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MSU study finds green in stopping kudzu invasion
MISSISSIPPI STATE – Kudzu can grow a foot per day, and today it covers nearly seven million acres in the South.
Now listed as a federal noxious weed, kudzu was imported to prevent soil erosion and to feed livestock. The semi-woody plant covers large tracts of land from eastern Texas to the East Coast and as far north as Maryland. Kudzu climbs, covers and eventually kills trees, destroying the timber-producing value of these lands. It reduces land productivity by millions of dollars yearly.
A recent Mississippi State University study evaluated the after-tax financial returns of controlling kudzu with herbicides and then planting pine or oak plantations on lands formerly covered by the vine.
“As the population grows and land use changes over time, the need to reclaim unproductive areas where kudzu has taken over is essential for timber production,” said Donald Grebner, forestry professor and economist in the university’s Forest and Wildlife Research Center. “Reclaimed land could also be used for wildlife habitat and recreation, improving the financial stability of local economies.”
To determine financial returns of reclaiming kudzu-covered land, scientists first needed to determine the best way to kill the creeping invader.
MSU Forestry Department head Andrew Ezell has tested different herbicide treatments on kudzu patches in the state for more than 20 years. He, along with colleagues in South Carolina, treated patches of the weed and then observed growth estimates four times after initial application.
For this study, scientists compared seven different strategies for eradicating kudzu patches and then establishing either pine or hardwood plantations. Management scenarios included using different herbicide applications, different types of chemical dispersal methods and different tree species after eliminating the vine.
“Controlling kudzu is difficult and expensive,” Ezell said. “Many of the herbicides that can be used to control kudzu affect the soil such that trees can’t be planted immediately after application.”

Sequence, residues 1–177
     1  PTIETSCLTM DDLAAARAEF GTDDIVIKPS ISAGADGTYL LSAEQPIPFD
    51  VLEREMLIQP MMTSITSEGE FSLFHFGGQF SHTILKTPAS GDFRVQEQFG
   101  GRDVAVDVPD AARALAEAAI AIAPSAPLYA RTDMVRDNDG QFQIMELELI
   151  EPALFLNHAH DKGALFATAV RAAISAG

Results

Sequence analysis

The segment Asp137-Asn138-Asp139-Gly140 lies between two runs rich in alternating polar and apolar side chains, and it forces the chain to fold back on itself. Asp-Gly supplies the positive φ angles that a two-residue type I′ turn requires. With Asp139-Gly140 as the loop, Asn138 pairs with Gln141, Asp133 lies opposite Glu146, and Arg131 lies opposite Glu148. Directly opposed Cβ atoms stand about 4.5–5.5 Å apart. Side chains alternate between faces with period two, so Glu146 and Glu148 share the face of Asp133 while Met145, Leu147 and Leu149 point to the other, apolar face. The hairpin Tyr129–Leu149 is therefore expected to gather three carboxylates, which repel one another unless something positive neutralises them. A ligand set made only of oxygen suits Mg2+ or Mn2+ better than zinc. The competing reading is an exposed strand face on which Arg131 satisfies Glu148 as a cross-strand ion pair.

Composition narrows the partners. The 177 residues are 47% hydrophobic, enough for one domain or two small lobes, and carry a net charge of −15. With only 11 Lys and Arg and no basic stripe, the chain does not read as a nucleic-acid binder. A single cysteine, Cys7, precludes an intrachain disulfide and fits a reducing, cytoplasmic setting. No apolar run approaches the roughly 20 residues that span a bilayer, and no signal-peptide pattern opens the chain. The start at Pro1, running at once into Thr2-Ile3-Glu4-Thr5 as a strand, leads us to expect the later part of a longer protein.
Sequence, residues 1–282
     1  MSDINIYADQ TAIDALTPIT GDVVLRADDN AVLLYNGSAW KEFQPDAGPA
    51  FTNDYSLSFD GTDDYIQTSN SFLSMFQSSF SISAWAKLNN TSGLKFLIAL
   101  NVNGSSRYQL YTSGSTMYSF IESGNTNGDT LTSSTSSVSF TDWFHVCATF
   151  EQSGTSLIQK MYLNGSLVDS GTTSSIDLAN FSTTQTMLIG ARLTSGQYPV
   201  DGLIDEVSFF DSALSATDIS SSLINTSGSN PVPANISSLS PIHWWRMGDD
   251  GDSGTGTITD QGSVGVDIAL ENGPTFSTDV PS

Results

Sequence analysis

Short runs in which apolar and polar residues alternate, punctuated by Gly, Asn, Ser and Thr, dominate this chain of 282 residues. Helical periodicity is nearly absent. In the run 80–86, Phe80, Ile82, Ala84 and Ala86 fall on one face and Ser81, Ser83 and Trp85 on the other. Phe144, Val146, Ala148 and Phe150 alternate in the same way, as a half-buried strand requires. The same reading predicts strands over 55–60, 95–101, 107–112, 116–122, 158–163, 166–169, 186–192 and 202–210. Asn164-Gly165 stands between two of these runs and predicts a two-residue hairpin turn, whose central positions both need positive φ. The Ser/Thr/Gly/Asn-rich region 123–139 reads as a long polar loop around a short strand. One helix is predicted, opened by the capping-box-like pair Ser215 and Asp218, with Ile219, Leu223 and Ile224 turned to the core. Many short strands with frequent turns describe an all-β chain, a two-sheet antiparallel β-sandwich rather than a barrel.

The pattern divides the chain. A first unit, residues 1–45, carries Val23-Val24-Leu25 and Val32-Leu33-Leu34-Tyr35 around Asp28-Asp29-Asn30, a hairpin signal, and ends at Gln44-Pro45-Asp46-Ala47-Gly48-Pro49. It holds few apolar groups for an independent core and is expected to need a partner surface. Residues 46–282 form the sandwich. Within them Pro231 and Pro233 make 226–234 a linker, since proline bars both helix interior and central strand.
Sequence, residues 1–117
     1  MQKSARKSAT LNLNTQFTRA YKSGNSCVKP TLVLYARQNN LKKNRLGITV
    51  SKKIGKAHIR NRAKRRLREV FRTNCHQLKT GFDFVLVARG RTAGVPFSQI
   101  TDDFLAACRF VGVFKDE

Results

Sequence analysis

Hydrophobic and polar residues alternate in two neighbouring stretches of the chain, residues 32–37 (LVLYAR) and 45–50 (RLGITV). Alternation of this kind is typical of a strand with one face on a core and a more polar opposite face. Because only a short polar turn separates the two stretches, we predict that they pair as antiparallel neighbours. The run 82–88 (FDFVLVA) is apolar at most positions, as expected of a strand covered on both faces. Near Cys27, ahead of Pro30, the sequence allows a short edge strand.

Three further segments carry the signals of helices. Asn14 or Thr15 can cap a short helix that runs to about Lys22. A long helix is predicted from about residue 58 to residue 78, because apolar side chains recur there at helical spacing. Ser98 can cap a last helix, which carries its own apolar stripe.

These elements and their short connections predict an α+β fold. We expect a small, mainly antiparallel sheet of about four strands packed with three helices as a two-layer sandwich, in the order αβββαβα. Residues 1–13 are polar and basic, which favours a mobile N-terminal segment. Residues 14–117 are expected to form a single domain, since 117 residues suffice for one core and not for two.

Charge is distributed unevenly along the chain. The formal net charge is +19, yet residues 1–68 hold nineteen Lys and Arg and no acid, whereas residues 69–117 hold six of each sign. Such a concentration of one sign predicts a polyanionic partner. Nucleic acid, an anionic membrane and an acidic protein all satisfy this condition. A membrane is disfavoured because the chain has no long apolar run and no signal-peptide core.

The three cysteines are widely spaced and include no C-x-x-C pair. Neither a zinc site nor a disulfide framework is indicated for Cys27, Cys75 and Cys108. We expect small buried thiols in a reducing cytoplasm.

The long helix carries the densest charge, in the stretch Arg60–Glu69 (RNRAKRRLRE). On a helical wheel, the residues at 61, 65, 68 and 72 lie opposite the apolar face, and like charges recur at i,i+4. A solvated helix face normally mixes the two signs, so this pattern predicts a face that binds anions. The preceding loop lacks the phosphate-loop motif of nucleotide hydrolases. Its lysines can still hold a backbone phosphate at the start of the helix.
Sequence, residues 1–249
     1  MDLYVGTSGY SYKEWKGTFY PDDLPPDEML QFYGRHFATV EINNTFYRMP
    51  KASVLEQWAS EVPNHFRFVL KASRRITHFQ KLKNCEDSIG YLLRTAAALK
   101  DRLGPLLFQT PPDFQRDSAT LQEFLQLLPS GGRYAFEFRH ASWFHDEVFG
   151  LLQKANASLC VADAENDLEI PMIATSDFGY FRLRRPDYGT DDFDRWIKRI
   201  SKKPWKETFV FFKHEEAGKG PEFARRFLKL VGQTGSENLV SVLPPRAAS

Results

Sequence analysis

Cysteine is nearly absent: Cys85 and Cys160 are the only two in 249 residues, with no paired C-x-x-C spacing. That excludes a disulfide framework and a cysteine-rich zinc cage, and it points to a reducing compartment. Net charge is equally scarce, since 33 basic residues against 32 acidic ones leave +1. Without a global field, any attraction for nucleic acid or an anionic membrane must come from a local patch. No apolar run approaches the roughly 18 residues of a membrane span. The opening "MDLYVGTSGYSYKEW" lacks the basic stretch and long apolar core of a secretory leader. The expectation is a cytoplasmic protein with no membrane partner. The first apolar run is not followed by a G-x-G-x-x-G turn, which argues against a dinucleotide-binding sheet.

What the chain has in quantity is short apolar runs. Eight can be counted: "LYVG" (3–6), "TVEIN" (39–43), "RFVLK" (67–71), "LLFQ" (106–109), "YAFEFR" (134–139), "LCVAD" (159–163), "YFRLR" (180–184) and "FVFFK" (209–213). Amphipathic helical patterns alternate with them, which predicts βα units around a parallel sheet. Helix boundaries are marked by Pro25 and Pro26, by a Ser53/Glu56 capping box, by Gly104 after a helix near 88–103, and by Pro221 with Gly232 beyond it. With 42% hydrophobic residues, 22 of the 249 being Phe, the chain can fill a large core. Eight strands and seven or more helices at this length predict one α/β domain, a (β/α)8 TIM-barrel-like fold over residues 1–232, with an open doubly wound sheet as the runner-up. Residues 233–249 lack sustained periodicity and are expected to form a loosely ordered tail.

The study found a broadcast application of Escort XP — a selective herbicide manufactured by DuPont — to be the most cost-effective way to control kudzu patches. Escort XP is appropriate for both young and old kudzu patches, and it works for reforesting the area with pine or oak.
Forest economists used the land expectation value on an after-tax basis to evaluate the feasibility of the control regimes. Land expectation value is the present value of all future costs and revenues of an asset, including forestland.
“For example, treating kudzu aerially with Escort XP and then replanting in pine would yield an estimated $1,460 per acre in revenue after taxes,” Grebner said.
An aerial application of herbicide followed by replanting in oak would yield an estimated $317 per acre.
“The biggest difference in the two is the maturity time, with pine having multiple cuttings in a shorter period of time and oak only having one cut at 30 years and then final harvest at 50 years,” Grebner said. “However, by removing kudzu and planting in either oak or pine, the land expectation value increases.”
Ezell said controlling kudzu with herbicides can be a costly venture, especially for private landowners.
“Fortunately, there are multiple federally funded cost-share programs that offer assistance to private landowners to combat the spread of nonnative invasive plants such as kudzu,” Ezell said. “Incentive programs offered through the government have paid up to $87 per acre to eradicate the invasive plant.”
These programs can make a world of difference to landowners. Recovering any portion of initial cost to control kudzu will reduce costs and increase returns, leading to higher land expectation values.
“Clearly, landowners can reap both environmental and ecological benefits by turning unproductive, kudzu-covered land into forest,” Ezell said.